Today Catholic Christians celebrate the Thirty-First Sunday in Ordinary Time.
On this day, we encounter Jesus in the Gospel of Matthew condemning the scribes and Pharisees of his day. He noted that these folks preached one thing, but practiced another. They were proud and arrogant, demanding all sorts of privileges as leaders of the Jewish community. Furthermore, they did not lift a finger to help the people on whom they were laying heavy burdens.
Jesus, on the other hand, had a very different vision of what good leadership would be for his followers. So, Jesus gave his followers what today we call the servant-leader model for leadership.
Specifically, Jesus said, “The greatest among you must be your servant. Whoever exalts himself will be humbled; but whoever humbles himself will be exalted” (Matthew 23: 12).
Through the centuries, Catholic leaders have been tempted to follow two types of leadership. One is called the cultic model, one that emphasizes that ordained priests are so special, that they need to be considered above all other people and, therefore, deserve an infinite variety of special privileges. This model is the opposite of what Jesus was teaching.
The other model is that of the servant-leader model, the model that Pope Francis heartily recommends when he says the “pastor must smell like the sheep.” This was Francis’ way of saying the pastor must be with the flock, not above and removed from the flock.
Today we look at a Spanish priest who tried to live the servant-leadership model of priesthood. His name was Manuel Míguez-González.
Manuel was born on March 24, 1831 in Spain as the fourth and final child of Benito Míguez and María González. Manuel had a sister and two brothers.
As a child, Manuel had a great love of animals, and loved to observe them, as would a scientist. When his elder brother Antonio was studying to become a priest, and his brother José was thinking of studying for the priesthood also, Manuel decided that he, too, would be a priest. The boys’ father, however, did not like the idea of all three sons becoming priests, for he needed a son to help him on the farm. Therefore, Benito decided that José would stay on the farm, while Antonio and Manuel would study to become priests.
In 1850, Manuel joined the Piarist novitiate in Madrid. This Order, founded by St. Joseph Calasanz, focuses its effort on educating children. It is in this Order that St. Mary parishioner, Norberto Bautista, is studying to become a priest. In religious life, Manuel took the name Faustino of the Incarnation.
During his studies, Manuel studied the natural sciences in addition to other fields, and he was ordained on March 8, 1856 and celebrated his first Mass of Thanksgiving on the feast of St. Joseph, 1856.
As a new priest, Fr. Faustino served in a wide range of schools in Spain. Then, in 1857, he was sent to serve in Cuba but later returned to Spain in 1860 because of illness. In addition to serving children, he was known as a confessor who had much patience and sage advice.
Fr. Faustino also developed a passion for studying medicinal plants, which he saw as remedies from God to cure various ailments. Often, he would prepare natural medicines for people with illnesses.
Fr. Faustino also developed a profound devotion to marginalized and illiterate women, and he became a champion for equal rights for girls and women. To help him in this fight, he founded the Daughters of the Divine Shepherdess on January 2, 1885. This new Order, also known as the Calasanzian Institute, is devoted to the education and promotion of women.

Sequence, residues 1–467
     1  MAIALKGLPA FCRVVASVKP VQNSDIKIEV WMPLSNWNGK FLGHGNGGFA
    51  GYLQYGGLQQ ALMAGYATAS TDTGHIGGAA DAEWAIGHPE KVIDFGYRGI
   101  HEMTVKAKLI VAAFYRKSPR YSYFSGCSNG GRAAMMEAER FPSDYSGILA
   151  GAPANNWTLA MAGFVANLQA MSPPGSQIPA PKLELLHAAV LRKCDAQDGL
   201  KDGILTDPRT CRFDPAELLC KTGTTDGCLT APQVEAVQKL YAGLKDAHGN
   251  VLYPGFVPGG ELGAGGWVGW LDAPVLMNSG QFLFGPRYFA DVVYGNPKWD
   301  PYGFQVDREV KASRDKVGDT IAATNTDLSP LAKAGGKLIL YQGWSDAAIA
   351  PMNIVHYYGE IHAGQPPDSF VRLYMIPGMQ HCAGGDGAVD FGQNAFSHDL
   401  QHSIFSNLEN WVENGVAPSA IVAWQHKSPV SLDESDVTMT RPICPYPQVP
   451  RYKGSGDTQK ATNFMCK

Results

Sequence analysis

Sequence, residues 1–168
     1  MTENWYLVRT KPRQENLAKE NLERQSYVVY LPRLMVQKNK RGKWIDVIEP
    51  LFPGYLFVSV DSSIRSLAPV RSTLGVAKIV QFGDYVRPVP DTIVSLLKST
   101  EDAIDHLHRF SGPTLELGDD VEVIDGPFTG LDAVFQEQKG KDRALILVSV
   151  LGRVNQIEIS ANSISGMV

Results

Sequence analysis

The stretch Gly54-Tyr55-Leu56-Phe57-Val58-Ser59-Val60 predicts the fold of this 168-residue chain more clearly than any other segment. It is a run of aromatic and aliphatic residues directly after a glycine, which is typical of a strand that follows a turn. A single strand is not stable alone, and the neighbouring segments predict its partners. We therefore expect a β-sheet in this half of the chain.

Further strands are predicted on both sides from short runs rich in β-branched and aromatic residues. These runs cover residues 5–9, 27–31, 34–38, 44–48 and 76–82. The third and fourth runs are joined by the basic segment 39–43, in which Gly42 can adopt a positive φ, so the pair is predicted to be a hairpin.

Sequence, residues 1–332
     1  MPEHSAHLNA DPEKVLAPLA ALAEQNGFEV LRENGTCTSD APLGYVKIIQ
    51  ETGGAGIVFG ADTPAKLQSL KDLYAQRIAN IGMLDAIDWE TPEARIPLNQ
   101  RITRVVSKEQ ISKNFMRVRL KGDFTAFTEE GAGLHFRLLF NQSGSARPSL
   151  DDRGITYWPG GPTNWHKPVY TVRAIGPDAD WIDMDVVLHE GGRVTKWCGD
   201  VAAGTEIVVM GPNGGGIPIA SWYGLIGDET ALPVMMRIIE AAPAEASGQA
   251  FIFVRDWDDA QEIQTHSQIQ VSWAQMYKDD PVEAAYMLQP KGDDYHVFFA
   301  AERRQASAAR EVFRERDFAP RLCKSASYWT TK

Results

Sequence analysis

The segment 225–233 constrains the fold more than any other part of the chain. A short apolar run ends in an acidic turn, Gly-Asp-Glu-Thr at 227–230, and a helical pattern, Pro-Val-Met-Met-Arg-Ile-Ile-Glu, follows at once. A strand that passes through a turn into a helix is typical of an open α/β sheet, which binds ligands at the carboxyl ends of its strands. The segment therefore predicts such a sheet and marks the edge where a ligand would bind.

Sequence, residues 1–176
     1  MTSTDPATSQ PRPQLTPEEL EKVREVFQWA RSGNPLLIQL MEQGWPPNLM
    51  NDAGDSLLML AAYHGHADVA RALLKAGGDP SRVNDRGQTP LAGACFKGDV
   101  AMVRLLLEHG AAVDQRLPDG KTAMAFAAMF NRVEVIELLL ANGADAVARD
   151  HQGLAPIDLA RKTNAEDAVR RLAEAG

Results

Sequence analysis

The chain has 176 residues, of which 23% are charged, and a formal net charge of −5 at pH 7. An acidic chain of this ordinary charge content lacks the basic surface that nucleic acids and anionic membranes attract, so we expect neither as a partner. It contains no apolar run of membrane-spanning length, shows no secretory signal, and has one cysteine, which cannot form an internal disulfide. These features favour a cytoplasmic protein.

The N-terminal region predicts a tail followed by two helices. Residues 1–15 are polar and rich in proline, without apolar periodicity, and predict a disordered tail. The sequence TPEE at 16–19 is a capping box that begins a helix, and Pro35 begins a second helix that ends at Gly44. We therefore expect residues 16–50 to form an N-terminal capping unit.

Fr. Faustino died on September 30, 1888 at the age of 93, and Pope Francis canonized him on October 15, 2017.
From today’s Gospel reading, and from St. Faustino’s life, we can learn many things. Here are just two.
First, Jesus advocated the servant-leader model of leadership over two thousand years ago, and Pope Francis advocates this same model today. St. Faustino adopted this model in his own life, especially by fighting for equal opportunities for girls and women.
Second, in the Gospel reading today, Jesus reminds us that the message and the messenger are two different things. For example, he strongly condemned the arrogant and prideful ways the scribes and Pharisees of his time, but he did not condemn their preaching. Often we reject teachings of others whom we do not like as people. This is a mistake, for even people we distain might have something worthwhile to say. I know many people, for example, who condemn science when they actually don’t like something a scientist has to say. Scientists and science are not the same thing. Scientists are human beings with personal opinions on a variety of issues. Science, on the other hand, is a particular way of studying the empirical world – that is, the world that is observable to one or more of the five senses.
Today as we continue our life journeys, it would be a good idea to reflect on the servant-leader model of leadership. Is that the model parents adopt in the domestic church – the home? Is that the model the ordained priests you know adopt?
And that is the good news I have for you on this Thirty-First Sunday in Ordinary Time, 2017.
- Inés San Martín. “Pope Canonizes 35 New Saints, Including a ‘Feminist’ Priest. Cruz: Taking the Catholic Pulse, October 16, 2017.
- Wikipedia Contributors. “Manuel Míguez González.” Wikipedia: The Free Encyclopedia, 15 October 2017.